Beneficiaries are required to pay premiums recipients who do not meet deadlines are locked out.
Work Requirements is a Bane to Adult Beneficiaries
The program includes working or unable to work due to mental illness, opioid or other substance abuse disorders, and serious lifelong physical ailments who cannot hurdle the many bureaucratic obstacles to document that they completed the work requirements are exempted from them. Without any work, the requirement to show these people will not be entitled to the Medicaid program. Aside from reduced access to care, many people will find it difficult to find or keep a job.
Taking away health care coverage or a threat with a loss of health care coverage to beneficiaries will not help them find a job or gain financial independence. Nor voluminous paperwork to keep Medicaid will help them. Instead, people will find a hard time coping with the bureaucratic red tape to maintain Medicaid and cause people to drop coverage.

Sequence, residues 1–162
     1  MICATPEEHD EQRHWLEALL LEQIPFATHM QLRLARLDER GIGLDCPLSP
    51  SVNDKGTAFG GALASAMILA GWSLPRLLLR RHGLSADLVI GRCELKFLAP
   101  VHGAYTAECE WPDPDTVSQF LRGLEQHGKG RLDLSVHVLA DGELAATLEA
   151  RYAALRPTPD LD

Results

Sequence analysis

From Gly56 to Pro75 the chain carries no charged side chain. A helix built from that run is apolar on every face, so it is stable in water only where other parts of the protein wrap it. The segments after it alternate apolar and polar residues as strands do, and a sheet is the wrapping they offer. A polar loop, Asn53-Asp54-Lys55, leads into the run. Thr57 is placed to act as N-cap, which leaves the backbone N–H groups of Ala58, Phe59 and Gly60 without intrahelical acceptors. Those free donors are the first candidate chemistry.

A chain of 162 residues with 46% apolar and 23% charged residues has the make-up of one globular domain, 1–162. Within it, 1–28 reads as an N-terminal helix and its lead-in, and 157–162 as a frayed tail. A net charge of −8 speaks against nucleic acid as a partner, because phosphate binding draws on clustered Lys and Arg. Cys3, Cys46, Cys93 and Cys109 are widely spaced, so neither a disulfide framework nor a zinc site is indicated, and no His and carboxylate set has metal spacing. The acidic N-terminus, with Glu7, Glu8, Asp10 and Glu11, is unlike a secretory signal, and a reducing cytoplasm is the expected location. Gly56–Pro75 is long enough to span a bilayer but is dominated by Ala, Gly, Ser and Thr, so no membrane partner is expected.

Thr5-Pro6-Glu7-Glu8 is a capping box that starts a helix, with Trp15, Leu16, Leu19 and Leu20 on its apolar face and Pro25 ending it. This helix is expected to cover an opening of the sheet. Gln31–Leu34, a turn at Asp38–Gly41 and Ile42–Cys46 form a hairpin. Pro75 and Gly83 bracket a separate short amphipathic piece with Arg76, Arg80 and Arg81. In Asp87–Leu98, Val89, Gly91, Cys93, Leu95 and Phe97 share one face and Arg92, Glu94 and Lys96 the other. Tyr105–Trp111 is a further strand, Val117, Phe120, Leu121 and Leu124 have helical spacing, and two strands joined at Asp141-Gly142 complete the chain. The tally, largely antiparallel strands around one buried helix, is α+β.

Documentation and paperwork stymie Medicaid enrollment with the additional paperwork required by states to Medicaid will fail. Complying with the requirement is a burden to enrollees who are working and have to document worked hours; people with impairment; family caregivers; people who are exempted but have to show proof; those who meet the work requirement but needs to record the hours worked for volunteering, any work-related activities, and looking for a job.